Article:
In the book, “Smarter, Faster, Better: The Secrets of Being Productive in Life and Business” by Charles Duhigg, the author explains an experiment held to test how goals motivate people.
Runners were given 10 seconds to get as close as possible to a finish line 200 meters away. The report explained the athletes knew no one had ever accomplished the feat of sprinting 200 meters in 10 seconds. On average, athletes made it 59.6 meters.
When presented with task number two, however, something happened. Athletes were given 10 seconds again, but only to sprint 100 meters this time. However, Duhigg explained this goal was more within the realm of believability. In fact, he said in 2009 Usain Bolt ran 100 meters in 9.58 seconds. This was proven the, on average, runners were able to sprint 63.1 meters in 10 seconds.
Duhigg explained the runners had no practical approach when trying to accomplish the first task of 200 meters. He said they knew they couldn’t do it; it was impossible, so they had no way to try and effectively accomplish the goal. But with the 100 meters, runners were able to tackle it like any other sprint. They took the larger task and broke it into manageable parts – start off strong in the beginning, set a pace and push hard in the last few seconds.
The experiment helped explain the idea of stretch and SMART goals — SMART stands for “Specific, Measurable, Achievable, Realistic, Timeline” and was started by General Electric. Stretch goals are those goals that might seem at first impossible. SMART goals are the ones that are smaller and attainable. He explained everyone needs both – a stretch goal allows one to be ambitious, while SMART goals are more manageable.
“It’s often not clear how to start on a stretch goal,” wrote Duhigg. “And so, for a stretch goal to become more than just an aspiration, we need a disciplined mindset to show us how to turn a far-off objective into a series of realistic, short-term aims. People who know how to build SMART goals have often been habituated into cultures where big objectives can be broken into manageable parts, and so when they encounter seemingly outsized ambitions, they know what to do.”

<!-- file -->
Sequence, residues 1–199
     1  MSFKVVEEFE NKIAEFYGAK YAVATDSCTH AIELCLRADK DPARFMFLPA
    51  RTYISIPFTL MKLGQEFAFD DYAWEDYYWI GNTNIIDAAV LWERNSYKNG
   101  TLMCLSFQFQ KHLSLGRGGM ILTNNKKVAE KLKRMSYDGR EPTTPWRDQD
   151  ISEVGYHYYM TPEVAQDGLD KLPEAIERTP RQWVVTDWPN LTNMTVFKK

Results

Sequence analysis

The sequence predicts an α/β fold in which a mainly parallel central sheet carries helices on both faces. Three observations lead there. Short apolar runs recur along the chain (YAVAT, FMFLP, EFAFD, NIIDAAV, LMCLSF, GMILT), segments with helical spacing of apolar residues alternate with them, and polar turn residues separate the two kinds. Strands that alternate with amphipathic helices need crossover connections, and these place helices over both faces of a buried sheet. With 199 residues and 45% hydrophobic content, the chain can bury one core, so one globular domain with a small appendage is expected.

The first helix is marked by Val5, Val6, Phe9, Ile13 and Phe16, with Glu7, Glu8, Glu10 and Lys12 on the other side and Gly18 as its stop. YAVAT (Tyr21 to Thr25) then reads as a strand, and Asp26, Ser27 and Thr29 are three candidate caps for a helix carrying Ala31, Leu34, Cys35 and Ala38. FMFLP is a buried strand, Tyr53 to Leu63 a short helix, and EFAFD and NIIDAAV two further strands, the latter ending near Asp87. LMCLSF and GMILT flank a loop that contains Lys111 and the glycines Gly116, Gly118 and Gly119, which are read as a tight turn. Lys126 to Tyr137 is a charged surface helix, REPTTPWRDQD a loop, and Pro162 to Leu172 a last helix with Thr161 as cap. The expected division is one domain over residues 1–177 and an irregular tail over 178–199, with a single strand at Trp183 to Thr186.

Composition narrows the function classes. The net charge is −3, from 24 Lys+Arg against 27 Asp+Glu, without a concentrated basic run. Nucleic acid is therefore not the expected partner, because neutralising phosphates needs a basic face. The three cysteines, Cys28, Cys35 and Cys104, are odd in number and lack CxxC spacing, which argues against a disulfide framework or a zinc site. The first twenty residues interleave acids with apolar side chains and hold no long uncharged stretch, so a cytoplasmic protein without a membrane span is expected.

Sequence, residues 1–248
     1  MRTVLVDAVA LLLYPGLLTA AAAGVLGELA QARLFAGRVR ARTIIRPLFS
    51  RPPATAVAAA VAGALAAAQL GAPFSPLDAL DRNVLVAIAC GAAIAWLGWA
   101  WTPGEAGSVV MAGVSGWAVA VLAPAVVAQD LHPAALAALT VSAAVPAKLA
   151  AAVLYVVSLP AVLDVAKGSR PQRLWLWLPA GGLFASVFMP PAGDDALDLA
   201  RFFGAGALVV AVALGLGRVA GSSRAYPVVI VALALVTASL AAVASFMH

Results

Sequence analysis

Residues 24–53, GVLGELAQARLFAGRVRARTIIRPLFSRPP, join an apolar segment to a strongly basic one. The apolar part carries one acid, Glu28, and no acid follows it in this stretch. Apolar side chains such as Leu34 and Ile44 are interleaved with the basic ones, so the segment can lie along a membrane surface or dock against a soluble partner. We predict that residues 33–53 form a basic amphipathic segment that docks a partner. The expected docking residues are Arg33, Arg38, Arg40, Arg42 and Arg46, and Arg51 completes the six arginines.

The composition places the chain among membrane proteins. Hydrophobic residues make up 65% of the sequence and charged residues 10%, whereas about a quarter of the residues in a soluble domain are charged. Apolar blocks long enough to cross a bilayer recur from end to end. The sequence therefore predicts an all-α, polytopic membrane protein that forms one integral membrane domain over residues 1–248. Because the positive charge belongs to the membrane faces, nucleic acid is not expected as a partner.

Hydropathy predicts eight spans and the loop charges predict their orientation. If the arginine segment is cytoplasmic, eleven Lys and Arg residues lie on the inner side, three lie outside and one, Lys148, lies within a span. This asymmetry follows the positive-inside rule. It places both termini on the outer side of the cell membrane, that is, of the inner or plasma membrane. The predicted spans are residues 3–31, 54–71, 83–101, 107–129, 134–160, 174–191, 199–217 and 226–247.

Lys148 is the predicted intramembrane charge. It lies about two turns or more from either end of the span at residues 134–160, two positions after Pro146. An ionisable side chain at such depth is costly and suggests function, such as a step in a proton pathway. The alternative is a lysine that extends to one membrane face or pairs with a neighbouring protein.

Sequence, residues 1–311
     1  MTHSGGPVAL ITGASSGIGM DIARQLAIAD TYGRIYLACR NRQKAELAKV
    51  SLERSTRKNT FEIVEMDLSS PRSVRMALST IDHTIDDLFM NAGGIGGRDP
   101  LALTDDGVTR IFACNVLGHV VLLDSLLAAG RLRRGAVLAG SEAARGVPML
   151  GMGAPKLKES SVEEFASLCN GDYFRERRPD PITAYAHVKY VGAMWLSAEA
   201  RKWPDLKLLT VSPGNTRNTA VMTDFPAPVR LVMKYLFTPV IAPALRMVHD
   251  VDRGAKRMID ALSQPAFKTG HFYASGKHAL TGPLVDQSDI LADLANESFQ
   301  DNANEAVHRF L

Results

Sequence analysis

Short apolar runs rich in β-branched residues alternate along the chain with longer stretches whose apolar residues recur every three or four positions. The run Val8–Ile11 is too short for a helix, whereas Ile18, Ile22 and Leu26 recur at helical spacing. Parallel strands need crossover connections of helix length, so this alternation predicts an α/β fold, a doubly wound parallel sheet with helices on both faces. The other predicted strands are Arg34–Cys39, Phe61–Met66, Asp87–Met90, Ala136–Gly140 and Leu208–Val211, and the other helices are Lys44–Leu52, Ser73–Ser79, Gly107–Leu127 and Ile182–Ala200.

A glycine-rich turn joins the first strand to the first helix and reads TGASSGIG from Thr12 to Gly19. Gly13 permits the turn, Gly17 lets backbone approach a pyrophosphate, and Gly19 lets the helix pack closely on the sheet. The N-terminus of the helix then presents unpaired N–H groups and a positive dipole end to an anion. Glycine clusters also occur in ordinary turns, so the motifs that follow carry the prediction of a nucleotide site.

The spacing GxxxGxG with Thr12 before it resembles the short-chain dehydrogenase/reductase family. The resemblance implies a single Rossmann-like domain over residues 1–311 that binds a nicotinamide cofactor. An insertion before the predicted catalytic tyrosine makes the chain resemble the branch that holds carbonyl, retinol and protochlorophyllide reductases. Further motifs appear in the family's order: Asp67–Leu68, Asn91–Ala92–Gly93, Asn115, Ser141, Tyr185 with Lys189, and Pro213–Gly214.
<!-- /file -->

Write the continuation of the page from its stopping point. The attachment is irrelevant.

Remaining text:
The author explains it’s key to have both. If you focus too much on you stretch goal, you will be overwhelmed by its impossibility. But if you only focus on your SMART goals and get a high off crossing out items on your to-do list, you’ll never grow.
So, “come up with a menu of your biggest ambitions,” wrote Duhigg. “Dream big and stretch … Then choose one aim and start breaking it into short-term, concrete steps. Ask yourself, what realistic progress you can make in the next day, week, month?”
If your stretch goal were to run a marathon, you’d break it down into subgoals, like how far you want to run by the second month of your training. Then, you’d make a plan to reach that subgoal.
“What matters is having a large ambition and a system for figuring out how to make it into a concrete and realistic plan,” wrote Duhigg. “Then, as you check the little things off of your to-do list, you’ll move ever closer to what really matters. You’ll keep your eyes on what’s both wise and SMART.”
What’s your stretch goal, Affiliate? Dream big today. Get ambitious. And after you do, form SMART goals to help you attain that dream.